I never had a purity ring. A lot of my friends did, but for some reason, that was never a tradition in our home. Purity is a very big part of our Christian culture. We host “Purity conferences” for girls, not so much for boys. We talk to girls about their purity and the dangers of giving that away or losing it through sin and poor choices. We frame the loss of female virtue in terms of being damaged, used, or dirty. The word purity is defined as: “freedom from contamination, freedom from immorality, especially of a sexual nature.” Its synonyms include “virtue, morality, piety, honor, modesty, decency and righteousness.”
Some groups use stories comparing the loss of female virginity to flowers that have been stripped of all their petals and crushed or chocolate that is unwrapped and passed around the dirty hands in the room or even to old chewed gum that nobody wants anymore.
I find it interesting that the point of these illustrations isn’t to condemn the hands that tear petals from flowers, or unwrap and handle someone else’s chocolate or even mangle a stick of gum. It is to make the point that these objects, objects that represent women, are now unwanted, dirty, disposable, and nearly worthless. That is the resounding message. Your value is directly tied to your chastity.
You can imagine the sobering effect that message has on the girls…the fear of losing your value, your worth in the eyes of your future husband. You can imagine the crushing load of shame those messages heap on the already hunched shoulders of girls in the room who have already crossed that line. Their petals have already been torn off, with or without their consent. While these messages might serve as a warning to some people who have not crossed those lines, and they might deter some young people from sexual activity before marriage, they miss the entire point.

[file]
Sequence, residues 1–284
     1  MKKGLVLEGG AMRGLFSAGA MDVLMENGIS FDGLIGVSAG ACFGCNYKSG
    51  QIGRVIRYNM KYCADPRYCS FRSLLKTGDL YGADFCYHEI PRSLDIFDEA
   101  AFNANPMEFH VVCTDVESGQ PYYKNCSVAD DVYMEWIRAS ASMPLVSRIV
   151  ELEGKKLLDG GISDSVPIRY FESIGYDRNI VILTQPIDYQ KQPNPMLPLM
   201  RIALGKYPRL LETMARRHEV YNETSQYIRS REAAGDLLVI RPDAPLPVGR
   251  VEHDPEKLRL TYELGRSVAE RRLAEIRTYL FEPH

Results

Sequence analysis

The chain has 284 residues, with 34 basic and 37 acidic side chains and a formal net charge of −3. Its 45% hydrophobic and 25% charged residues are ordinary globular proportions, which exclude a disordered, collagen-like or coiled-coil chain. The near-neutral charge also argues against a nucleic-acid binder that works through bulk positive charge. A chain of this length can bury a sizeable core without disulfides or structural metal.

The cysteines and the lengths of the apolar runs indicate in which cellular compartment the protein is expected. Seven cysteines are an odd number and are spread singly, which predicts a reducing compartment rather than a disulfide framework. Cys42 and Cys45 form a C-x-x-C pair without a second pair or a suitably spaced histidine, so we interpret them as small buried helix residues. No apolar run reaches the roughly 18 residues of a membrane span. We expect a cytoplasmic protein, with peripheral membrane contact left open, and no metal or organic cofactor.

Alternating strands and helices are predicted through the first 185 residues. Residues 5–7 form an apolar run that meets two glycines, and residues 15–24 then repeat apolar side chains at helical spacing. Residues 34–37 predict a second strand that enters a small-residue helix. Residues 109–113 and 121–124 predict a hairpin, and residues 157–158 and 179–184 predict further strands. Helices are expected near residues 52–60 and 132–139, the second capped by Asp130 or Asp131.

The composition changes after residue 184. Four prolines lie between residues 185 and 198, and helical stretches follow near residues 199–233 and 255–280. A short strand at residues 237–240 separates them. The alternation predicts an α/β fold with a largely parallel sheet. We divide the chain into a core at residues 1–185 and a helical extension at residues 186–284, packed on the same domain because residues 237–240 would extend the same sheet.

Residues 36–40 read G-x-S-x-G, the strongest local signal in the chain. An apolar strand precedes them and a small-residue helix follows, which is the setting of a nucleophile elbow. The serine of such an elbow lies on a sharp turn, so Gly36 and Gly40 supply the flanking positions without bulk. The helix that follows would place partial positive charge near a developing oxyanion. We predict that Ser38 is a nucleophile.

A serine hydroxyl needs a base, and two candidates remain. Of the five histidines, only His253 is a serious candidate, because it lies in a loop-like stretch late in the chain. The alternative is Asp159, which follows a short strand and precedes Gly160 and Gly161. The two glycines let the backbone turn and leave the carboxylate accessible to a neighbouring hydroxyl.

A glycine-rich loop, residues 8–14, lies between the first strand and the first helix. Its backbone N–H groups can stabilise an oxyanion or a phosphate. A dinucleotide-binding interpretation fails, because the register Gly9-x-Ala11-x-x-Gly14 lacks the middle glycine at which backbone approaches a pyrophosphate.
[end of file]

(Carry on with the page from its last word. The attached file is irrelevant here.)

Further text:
The truth is that not one of us is qualified to wear a purity ring. Purity is something we are born without. We are conceived in sin. We are born in sin. We are born guilty, not innocent. Purity is not something we can guard and protect. It is something we never had in the first place. Purity is not something that we achieve through self denial and wielding our bodies in a way that avoids sin. Purity is not the objective. Because purity cannot save us. Only Jesus can. And He makes us far more than pure. He makes us holy. Holy is the same word used to describe the triune, eternal God. Holy. Holy trumps pure. It consumes it in blinding white light. And we are Holy. We are not holy because we have saved ourselves for marriage. We are not holy because all of our “petals are perfectly intact.” We are holy because the Holy God put on us the righteous standing of His Holy Son who paid the price for our sin. He was beaten and slaughtered not only for the girls whose virtue would be lost, but for the boys who would take it. And through faith in that great sacrifice, in that great Savior, we are made whole. We are made pure. We are made holy.
And now we wear a different ring. It’s a betrothal ring to a Bridegroom that has made us holy and dressed us in white. And even now He is preparing for the wedding. The culmination of human history will be that wedding, where the Bride will marry the Lamb, and we will see what this earthly shadow of marriage was a picture of.
So I guess you could say that I do have a purity ring now. My Father bought it for me. It cost Him everything. That ring will always motivate my heart to walk closely with Him. I will wear it not to stay pure, but because I already am. I am more than pure. I am holy.
*My blogs are written with the assumption that they are being read primarily by Christians. If you want to know more about what it means to be a Christian or about the gospel of Jesus Christ, click the link here:The Gospel